Three years ago, a popular and well-known member of Chattanooga’s cycling community was buzzed by a driver who claims he never saw the cyclist, even though the cyclist was, according to friends, “lit up like a Christmas tree,” and was riding with “an obnoxiously bright blinking red light on the back of his bike when he was hit.”
The cyclist, David Meek, was sideswiped by the passing truck and thrown under the rear wheels. He suffered severe injuries, and was taken to a local hospital. He did not survive, succumbing to his injuries.
Although the driver had sideswiped Meek, and although a 3 foot safe passing law had already been on the books in Tennessee for nearly two years, the driver was never charged with a traffic violation. In fact, as Bob detailed in False Protection, Chattanooga police seemed to be bending over backwards to invent new legal theories to exonerate the driver.
David Meek was denied justice by a police department that didn’t understand, or didn’t want to understand the law. But what’s done is done. Three years have passed. Since then, more states have adopted safe passing laws, and slowly, the laws are beginning to be enforced.
Except, apparently, in Chattanooga, Tennnessee. Or more precisely, the enclave of Red Bank. Recently, a cyclist on a ride with the Chattanooga Bicycle Club was buzzed and run off the road, sustaining minor injuries. Another club member was able to get the license number of the fleeing vehicle, and the cyclist who had been run off the road called the Red Bank police to report the incident.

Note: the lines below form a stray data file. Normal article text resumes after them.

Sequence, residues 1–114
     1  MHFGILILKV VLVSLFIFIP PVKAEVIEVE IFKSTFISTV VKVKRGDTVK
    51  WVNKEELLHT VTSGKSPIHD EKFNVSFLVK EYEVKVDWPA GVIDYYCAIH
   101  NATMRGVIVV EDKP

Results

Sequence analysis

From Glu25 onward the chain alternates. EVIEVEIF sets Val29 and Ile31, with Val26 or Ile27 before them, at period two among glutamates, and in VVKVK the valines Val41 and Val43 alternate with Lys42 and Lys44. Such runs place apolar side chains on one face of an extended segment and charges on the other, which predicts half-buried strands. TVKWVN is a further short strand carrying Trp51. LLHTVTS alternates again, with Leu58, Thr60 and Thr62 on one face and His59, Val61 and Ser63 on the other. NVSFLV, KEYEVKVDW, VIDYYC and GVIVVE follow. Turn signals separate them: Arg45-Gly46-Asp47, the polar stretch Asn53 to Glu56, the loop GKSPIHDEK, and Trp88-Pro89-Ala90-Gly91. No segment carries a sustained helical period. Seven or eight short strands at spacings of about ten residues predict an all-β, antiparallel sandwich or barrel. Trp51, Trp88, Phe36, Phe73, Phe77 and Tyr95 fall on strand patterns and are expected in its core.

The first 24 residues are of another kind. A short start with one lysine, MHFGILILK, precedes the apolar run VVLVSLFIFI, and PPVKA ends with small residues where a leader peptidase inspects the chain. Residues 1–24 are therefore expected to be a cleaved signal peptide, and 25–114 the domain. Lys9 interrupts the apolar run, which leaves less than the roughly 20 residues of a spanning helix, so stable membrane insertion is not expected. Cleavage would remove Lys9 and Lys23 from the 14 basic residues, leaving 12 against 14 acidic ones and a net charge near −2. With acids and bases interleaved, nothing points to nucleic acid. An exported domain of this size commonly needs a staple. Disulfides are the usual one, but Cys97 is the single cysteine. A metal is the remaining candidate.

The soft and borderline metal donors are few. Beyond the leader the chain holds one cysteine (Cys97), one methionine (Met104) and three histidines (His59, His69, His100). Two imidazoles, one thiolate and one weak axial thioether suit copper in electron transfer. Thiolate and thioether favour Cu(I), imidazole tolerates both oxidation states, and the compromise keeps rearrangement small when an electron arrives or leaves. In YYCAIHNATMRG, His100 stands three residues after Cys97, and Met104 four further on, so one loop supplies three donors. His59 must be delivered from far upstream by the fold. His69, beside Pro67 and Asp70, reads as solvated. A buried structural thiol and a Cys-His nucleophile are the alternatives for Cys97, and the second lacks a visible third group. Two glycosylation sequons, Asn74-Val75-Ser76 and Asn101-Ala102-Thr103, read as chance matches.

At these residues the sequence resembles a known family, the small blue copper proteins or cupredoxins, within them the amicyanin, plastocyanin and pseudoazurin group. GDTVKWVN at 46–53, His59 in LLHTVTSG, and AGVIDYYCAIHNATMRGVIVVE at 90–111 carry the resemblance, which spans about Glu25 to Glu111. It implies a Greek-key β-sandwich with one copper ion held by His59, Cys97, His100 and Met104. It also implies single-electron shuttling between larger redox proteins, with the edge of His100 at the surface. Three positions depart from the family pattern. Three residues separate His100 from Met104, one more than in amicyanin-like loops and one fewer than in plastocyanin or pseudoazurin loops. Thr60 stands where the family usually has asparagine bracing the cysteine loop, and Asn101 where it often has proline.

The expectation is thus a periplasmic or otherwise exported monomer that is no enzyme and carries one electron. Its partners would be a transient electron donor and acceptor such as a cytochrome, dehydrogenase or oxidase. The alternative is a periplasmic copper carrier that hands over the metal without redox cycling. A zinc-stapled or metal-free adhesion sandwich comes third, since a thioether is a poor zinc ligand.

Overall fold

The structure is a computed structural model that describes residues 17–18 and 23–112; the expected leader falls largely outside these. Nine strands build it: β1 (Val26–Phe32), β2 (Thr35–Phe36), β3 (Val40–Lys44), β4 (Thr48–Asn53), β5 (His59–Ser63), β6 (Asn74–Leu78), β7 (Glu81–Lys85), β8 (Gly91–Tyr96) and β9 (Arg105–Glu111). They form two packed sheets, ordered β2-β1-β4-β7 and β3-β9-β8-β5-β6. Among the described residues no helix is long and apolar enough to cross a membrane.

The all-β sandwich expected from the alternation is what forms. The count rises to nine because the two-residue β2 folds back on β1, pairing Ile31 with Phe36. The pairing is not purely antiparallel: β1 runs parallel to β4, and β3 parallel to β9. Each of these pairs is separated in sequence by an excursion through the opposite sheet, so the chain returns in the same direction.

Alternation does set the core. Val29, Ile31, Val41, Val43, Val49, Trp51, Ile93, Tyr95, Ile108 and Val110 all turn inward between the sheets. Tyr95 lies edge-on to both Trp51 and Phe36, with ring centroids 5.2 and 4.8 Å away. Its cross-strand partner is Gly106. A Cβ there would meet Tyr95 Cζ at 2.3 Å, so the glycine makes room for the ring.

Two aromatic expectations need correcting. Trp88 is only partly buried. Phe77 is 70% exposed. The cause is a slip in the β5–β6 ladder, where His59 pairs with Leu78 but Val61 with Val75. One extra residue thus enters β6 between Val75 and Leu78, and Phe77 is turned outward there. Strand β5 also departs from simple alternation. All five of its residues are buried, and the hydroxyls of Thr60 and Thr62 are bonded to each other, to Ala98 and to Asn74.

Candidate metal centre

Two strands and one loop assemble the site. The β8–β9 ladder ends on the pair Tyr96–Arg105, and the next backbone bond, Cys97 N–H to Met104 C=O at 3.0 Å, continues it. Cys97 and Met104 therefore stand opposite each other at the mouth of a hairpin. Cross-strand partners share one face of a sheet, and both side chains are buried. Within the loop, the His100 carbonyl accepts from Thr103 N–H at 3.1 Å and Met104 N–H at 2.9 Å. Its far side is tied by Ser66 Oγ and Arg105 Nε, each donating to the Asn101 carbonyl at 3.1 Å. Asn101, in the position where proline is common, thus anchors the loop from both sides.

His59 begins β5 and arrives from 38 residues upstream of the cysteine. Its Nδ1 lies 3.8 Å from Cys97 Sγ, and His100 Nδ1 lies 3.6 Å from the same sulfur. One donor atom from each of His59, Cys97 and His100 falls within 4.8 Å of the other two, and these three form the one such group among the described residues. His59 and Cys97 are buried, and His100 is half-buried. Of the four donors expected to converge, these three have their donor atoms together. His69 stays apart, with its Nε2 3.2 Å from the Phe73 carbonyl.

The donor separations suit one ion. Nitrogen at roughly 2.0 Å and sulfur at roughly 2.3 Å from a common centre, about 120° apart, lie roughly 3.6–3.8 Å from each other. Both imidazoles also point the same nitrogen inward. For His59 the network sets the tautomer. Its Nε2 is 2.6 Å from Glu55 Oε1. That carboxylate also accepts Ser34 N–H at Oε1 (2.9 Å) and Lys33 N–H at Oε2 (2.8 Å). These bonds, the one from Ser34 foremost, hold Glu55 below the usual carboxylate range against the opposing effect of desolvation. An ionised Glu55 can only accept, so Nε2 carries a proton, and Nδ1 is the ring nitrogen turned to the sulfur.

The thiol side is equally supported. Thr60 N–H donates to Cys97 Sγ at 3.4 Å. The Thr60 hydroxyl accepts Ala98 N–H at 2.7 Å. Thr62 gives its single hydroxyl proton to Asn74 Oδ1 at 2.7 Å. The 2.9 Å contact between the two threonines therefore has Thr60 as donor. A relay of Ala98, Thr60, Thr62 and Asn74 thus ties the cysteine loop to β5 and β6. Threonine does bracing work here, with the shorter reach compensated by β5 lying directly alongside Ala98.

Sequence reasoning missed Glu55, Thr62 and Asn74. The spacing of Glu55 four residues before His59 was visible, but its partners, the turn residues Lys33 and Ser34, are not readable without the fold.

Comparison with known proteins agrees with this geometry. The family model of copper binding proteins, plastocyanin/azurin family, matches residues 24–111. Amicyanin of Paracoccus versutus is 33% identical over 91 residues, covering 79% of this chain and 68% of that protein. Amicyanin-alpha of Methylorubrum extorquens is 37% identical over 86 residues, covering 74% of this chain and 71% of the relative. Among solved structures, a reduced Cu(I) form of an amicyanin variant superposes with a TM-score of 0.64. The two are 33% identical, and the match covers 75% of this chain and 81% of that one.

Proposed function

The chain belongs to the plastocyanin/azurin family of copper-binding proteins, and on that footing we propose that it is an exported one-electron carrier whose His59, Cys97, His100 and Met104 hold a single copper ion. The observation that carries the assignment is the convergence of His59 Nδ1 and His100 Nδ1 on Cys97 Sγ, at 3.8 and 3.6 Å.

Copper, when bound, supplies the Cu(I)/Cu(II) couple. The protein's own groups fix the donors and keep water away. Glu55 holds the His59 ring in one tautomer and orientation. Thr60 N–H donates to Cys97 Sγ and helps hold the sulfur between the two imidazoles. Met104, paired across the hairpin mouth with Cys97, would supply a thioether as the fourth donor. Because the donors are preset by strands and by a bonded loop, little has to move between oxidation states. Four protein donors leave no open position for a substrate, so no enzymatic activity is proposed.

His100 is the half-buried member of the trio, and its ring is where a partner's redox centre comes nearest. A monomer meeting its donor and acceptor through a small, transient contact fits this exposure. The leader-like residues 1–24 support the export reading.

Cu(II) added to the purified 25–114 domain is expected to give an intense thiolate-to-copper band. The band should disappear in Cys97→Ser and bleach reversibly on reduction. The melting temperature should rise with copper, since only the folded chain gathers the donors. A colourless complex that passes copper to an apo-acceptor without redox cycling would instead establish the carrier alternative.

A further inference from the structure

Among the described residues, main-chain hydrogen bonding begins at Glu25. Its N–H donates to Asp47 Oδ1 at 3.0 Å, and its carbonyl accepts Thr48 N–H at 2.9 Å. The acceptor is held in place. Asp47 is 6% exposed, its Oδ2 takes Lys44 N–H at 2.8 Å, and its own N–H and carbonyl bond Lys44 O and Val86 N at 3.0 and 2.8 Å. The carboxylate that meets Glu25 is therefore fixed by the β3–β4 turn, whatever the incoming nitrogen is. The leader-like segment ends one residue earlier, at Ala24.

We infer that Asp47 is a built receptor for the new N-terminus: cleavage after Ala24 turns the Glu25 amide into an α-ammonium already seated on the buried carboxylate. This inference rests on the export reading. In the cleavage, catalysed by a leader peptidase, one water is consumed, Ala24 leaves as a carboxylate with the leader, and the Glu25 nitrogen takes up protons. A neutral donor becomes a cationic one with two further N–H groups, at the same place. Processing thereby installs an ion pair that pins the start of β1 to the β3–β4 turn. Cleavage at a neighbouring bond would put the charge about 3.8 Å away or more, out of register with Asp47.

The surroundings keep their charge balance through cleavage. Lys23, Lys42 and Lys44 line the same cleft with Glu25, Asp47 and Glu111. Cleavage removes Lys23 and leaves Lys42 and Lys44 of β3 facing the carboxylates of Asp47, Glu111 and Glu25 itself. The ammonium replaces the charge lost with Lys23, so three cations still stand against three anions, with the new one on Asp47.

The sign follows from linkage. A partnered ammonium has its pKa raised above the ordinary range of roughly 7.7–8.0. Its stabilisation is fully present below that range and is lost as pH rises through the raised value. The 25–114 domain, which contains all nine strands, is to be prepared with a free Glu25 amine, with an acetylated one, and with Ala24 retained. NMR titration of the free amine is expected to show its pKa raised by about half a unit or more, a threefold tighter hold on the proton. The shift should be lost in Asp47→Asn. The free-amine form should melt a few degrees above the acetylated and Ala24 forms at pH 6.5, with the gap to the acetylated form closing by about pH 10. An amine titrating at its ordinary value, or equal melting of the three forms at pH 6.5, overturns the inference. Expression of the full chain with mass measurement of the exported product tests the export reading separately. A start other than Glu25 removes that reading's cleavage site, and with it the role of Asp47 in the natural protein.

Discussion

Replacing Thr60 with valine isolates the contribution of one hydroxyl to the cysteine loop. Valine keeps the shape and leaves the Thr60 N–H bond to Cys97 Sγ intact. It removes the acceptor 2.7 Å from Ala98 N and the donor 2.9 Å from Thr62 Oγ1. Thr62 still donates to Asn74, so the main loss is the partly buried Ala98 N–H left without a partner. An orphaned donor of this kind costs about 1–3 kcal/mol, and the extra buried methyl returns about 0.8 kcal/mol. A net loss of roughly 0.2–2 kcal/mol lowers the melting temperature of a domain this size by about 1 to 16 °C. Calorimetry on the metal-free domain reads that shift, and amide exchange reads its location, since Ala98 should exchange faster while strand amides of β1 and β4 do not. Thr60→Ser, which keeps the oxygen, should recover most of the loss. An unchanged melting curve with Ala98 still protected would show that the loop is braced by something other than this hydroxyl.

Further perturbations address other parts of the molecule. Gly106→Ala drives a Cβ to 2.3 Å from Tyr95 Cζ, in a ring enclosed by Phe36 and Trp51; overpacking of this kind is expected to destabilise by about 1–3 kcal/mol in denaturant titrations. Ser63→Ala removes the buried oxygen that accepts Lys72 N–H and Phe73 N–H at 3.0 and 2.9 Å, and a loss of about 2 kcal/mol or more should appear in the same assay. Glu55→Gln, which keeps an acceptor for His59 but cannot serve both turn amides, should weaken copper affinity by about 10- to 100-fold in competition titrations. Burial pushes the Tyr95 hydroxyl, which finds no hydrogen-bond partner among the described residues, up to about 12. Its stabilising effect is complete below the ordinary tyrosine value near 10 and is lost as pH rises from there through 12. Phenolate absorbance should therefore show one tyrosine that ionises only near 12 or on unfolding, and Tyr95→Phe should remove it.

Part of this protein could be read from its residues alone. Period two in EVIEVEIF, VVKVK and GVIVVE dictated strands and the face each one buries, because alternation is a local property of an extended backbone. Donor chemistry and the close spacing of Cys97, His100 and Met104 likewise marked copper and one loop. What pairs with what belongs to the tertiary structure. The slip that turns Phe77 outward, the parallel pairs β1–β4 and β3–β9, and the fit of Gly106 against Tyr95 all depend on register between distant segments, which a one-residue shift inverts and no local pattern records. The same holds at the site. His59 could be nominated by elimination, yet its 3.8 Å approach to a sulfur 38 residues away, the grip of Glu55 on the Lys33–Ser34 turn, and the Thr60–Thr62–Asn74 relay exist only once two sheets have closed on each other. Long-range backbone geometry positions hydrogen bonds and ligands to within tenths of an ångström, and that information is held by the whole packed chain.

Three feet to pass. Increasingly, it’s becoming the standard for the minimum distance at which motorists should pass cyclists—and increasingly, it’s becoming the law. When a state passes a “3 foot law,” the existing legal requirement to pass at a “safe passing distance” is changed to a requirement to pass at a “minimum safe passing distance”—typically 3 feet, but sometimes more, some times less, depending on the state. When a state establishes what a minimum safe passing distance means, motorists, police, courts, and juries are all given guidance about the bare minimum requirement for making a safe pass. Even with a minimum safe passing distance, overtaking drivers are still required to pass cyclists at a “safe distance,” and depending on conditions, that “safe distance” may be greater than the minimum distance specified by the law. But no driver can pass closer than the minimum distance specified in the law and argue in court that the pass was legal.
Earlier this year, we received a call from a cyclist in Huntington, West Virginia. That cyclist, a man named Tony Patrick, had a hair-raising story to tell about his encounter with a Sheriff’s Deputy across the Ohio River in Chesapeake, Ohio. The Deputy, who was unfamiliar with Ohio law regarding cyclists, ordered Tony off the road, and when Tony asserted his rights under Ohio law, the Deputy escalated, eventually tasing Tony before placing him under arrest. At a pre-trial hearing, the Judge dismissed all charges against Tony, because Tony had not violated any laws, and thus, the arrest had been unlawful. Recently, Tony filed a lawsuit alleging that his civil rights were violated in what was described as his
“illegal and intentional detention, attack, beating, arrest and Tasering...”
Unfortunately, this was not an isolated case of one officer not understanding the law as it applies to cycling. As we have previously documented, law enforcement officers do not always understand the laws they are charged with enforcing. And as we recently reported, that phenomenon continues in Los Angeles, where an LAPD task force is citing cyclists for violating a law that does not exist.